- wholesomeness: promoting health
- purity: being pure or free from guilt or sin
- semolina: coarse flour made from wheat
- How is the date of Shrove Tuesday determined?
- What happened in Olney?
- What did Brad Jolly do?
- What is quark?
- Where does maple syrup come from?
LISTEN TO THIS STORY
1. Summarise the information
Pancakes seem to be a common fare around the world.
Read through the article carefully to find how pancakes are eaten in different parts of the world. Draw up a chart to record the following information about how pancakes are served in various countries.
COUNTRY, PANCAKE NAME, TRADITIONAL PANCAKE DISH (You may not have all information for all countries.)
Can you find other pancake dishes from around the world? Do some further research to find out if there are pancake dishes that are traditional in cultures/countries other than what is mentioned. Add these to your chart.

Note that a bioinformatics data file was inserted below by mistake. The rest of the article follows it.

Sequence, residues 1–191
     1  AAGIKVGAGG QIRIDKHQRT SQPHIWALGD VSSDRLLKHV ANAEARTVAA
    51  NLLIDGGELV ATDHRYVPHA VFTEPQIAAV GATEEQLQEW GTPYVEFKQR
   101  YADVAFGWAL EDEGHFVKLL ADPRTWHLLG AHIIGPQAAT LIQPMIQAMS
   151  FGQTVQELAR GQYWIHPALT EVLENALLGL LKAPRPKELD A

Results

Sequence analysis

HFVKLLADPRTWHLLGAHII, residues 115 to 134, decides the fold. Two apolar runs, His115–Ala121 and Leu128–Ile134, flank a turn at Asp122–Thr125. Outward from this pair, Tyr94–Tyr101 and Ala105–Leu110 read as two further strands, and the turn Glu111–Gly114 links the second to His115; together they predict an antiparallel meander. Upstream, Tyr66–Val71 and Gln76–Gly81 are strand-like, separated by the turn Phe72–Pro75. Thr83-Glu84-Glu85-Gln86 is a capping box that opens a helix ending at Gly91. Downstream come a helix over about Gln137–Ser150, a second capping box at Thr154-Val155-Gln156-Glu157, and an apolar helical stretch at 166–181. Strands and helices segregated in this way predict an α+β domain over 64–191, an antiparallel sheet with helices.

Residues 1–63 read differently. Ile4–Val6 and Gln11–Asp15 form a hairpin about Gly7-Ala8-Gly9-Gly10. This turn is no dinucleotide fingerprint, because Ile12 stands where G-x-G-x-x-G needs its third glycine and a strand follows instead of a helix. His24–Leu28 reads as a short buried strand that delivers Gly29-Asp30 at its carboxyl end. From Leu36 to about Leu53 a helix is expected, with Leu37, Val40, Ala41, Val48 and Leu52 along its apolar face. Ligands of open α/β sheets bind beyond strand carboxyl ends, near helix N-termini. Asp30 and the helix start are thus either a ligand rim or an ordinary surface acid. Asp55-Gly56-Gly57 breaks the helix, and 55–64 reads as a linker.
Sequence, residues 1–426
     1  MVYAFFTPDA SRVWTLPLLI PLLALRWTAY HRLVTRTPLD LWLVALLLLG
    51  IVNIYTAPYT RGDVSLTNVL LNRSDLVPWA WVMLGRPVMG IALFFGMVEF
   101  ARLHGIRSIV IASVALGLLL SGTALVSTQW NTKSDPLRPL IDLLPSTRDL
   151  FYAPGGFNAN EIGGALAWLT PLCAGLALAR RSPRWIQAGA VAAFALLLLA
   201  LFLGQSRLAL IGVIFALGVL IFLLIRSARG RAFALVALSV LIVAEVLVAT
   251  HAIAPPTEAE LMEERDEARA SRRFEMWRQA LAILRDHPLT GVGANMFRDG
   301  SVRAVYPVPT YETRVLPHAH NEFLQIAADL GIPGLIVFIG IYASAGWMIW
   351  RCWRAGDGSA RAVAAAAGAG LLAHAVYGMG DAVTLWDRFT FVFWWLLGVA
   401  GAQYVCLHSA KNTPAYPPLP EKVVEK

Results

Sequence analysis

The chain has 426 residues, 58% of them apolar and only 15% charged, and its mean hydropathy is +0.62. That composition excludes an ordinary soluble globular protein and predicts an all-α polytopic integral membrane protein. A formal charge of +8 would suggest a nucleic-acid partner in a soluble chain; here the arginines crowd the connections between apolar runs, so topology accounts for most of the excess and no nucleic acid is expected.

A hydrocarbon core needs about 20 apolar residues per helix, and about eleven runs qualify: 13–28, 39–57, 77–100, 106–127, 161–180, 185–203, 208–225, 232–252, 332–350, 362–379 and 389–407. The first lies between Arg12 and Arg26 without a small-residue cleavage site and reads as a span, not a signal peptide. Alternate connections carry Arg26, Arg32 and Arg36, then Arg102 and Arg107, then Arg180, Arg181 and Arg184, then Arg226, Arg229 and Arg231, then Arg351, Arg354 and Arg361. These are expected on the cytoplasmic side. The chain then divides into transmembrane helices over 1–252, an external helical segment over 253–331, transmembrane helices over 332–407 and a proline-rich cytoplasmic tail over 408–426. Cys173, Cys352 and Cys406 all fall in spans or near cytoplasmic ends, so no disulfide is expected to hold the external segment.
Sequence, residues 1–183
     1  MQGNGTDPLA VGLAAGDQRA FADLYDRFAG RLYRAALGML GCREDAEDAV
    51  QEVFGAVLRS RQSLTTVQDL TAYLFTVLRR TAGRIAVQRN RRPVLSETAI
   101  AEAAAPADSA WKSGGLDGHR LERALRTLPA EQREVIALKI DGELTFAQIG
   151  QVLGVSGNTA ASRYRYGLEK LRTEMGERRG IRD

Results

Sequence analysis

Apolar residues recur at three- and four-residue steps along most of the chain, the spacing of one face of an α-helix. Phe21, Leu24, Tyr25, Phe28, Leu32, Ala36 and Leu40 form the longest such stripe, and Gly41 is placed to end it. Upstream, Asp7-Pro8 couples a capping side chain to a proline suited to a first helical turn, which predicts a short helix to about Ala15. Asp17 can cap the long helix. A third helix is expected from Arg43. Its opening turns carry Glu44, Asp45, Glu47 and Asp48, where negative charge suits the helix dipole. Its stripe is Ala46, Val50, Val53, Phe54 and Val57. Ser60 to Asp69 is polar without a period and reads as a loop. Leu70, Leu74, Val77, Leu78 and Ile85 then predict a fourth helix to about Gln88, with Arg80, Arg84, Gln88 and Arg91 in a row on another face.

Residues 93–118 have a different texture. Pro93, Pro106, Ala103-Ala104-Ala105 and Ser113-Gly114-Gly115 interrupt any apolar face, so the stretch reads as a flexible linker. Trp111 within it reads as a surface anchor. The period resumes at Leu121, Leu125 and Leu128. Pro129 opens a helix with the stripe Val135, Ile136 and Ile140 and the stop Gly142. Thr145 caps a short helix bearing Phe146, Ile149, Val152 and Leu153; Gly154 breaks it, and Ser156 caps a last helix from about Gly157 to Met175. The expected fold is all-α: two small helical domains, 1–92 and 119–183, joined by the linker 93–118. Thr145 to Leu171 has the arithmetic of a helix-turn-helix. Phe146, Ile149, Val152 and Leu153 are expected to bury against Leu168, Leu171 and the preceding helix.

Time: allow 30 minutes to complete this activity
Curriculum Links: English, Humanities and Social Sciences – Geography, Intercultural Understanding
What is your favourite pancake topping?
Some people love lemon and sugar, others love maple syrup, or berries and ice-cream. What would be your pancake topping of choice?
Draw a labelled diagram of your favourite pancake dish. Is it a stack of pancakes covered in ice-cream and syrup or a single large pancake with a drizzle of lemon and sugar? Or do you prefer something savoury or more adventurous or obscure?
Ensure your diagram is detailed enough that someone could make your favourite pancake dish for you.
Time: allow 15 minutes to complete this activity
Curriculum Links: English, The Arts – Visual Arts, Critical and Creative thinking
After reading the article, with a partner, highlight as many connectives as you can find in pink. Discuss if these are being used as conjunctions, or to join ideas and create flow.
HAVE YOUR SAY: What are your favourite kind of pancakes?
No one-word answers. Use full sentences to explain your thinking. No comments will be published until approved by editors.